A previous version of this article incorrectly described Sen. Carl M. Levin (D-Mich.) as the cousin-in-law of Michigan appellate judge Helene White. White divorced Levin's cousin, retired Michigan Supreme Court Justice Charles Levin, in November 2006, according to the senator's office.
Ye Shall Be Judged -- Not
P resident Bush hasn't been having an easy time lately with Congress: One case in point is the ongoing confrontation over his judicial nominations.
Only a few weeks ago, the White House appeared pleased that Majority Leader Harry M. Reid (D-Nev.) agreed, under GOP pressure, to move three appellate nominees through the Senate by Memorial Day. Here was an opportunity, some conservatives thought, to finally approve the long-standing nomination of former Justice Department official Peter D. Keisler for the U.S. Court of Appeals for the D.C. Circuit and provide reinforcements for the 4th Circuit, a conservative bulwark that handles some of the country's most sensitive terrorism cases.
But as Memorial Day approaches, it's becoming increasingly clear that the Democrats have other ideas. They do appear to be on track to fulfill Reid's promise of approving three Circuit Court nominees, but only one of the three can be fairly described as someone Bush wanted.
Last week, for instance, the Judiciary Committee held hearings on the nomination of Virginia Supreme Court Justice G. Steven Agee to the U.S. Court of Appeals for the 4th Circuit. The White House had wanted another nominee but was forced to backtrack because of opposition from Virginia Sens. John W. Warner (R) and James Webb (D). Agee was recommended by the two Virginia senators.
This week, the committee will consider the nominations of a pair of Michigan jurists to the 6th Circuit, but only one of them, Raymond M. Kethledge, is a Bush choice. The other is Michigan appellate judge Helene N. White, whose nomination by President Clinton was blocked by Senate Republicans. Bush agreed to submit her name for the 6th Circuit as part of a deal with Sen. Carl M. Levin (D-Mich.), who is White's cousin-in-law.
White House aides are not complaining about the apparent plan to approve Agee, White and Kethledge, but they are also not squealing with delight, either. Bush's other nominees, such as Keisler, have been waiting for months with no sign that the Democrats will even hold nomination hearings. The White House would almost certainly prefer the Senate approve two different conservative jurists for the 4th Circuit, Robert J. Conrad Jr. and Stev e A. Matthews-- both of whom were nominated nearly a year ago.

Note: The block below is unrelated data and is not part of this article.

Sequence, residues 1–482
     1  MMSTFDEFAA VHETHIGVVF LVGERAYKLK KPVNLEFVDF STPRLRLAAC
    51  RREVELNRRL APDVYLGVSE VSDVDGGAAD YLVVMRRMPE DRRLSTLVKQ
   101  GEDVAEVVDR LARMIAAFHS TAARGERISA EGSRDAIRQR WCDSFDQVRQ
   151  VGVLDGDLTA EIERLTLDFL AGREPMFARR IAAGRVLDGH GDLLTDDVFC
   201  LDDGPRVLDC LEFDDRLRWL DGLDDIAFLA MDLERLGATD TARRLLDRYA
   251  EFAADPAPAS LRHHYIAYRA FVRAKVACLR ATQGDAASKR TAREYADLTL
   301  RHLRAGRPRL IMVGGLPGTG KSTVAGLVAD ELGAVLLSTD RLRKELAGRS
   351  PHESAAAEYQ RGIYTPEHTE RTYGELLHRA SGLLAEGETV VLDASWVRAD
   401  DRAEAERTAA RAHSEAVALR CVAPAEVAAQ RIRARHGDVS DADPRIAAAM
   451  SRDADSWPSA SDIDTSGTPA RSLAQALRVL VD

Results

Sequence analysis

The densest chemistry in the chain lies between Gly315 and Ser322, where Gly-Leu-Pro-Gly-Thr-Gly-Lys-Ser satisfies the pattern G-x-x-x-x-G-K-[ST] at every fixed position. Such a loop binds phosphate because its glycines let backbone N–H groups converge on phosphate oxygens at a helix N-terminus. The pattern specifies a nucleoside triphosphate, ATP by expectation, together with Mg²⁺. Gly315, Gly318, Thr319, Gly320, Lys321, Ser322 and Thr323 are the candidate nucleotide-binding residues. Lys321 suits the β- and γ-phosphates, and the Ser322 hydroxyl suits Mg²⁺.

One White House official said there's "an equity issue. These [other] guys have been hanging out there for quite some time as well. They deserve to be confirmed as well."
The back story here is the convoluted politics of judicial nominations. Keisler, who served as acting attorney general after Alberto R. Gonzales resigned, is a respected lawyer with friends and admirers on both sides of the aisle, but Democrats and Republicans have been fighting over the D.C. Circuit since the Clinton administration. Judiciary Democrats have not forgotten Republicans' refusal to consider two of Clinton's appointees because the workload of the prestigious court was deemed too light: Keisler would take one of the positions that should have been filled by a Clinton appointee, Democrats believe.
Meanwhile, there's a struggle going on for the direction of the 4th Circuit, which has been dominated by conservatives for years but now appears evenly split because of retirements. If the Democrats can run out the clock on the Bush administration -- and elect one of their own to the presidency -- they could theoretically tilt the court in a more liberal direction.
But how much trouble Senate Republicans will make for the Democrats? Reid agreed only to try to confirm three judges by Memorial Day after Minority Leader Mitch McConnell (R-Ky.) threatened to scuttle a highway funding bill.
The politics of the situation does not augur well for the White House. The administration is angry that the Senate is falling behind what officials argue is its historical pattern of approving 15 to 17 appellate nominations in the last two years of a president's term (seven have been approved), but Democrats are offering no indication that they plan to speed things up.
A Prairie Chapel Companion
There's scarcely a day goes by, it seems, that Bush does not mention the impending nuptials of his daughter Jenna at his Crawford, Tex., ranch this Saturday night. But other than gentle joshing from the commander in chief, the White House has been close-lipped about the guest list and most details of the first presidential wedding since Tricia Nixon married Edward Cox at the White House in 1971. The most the traveling press appears likely to get is a photograph or two.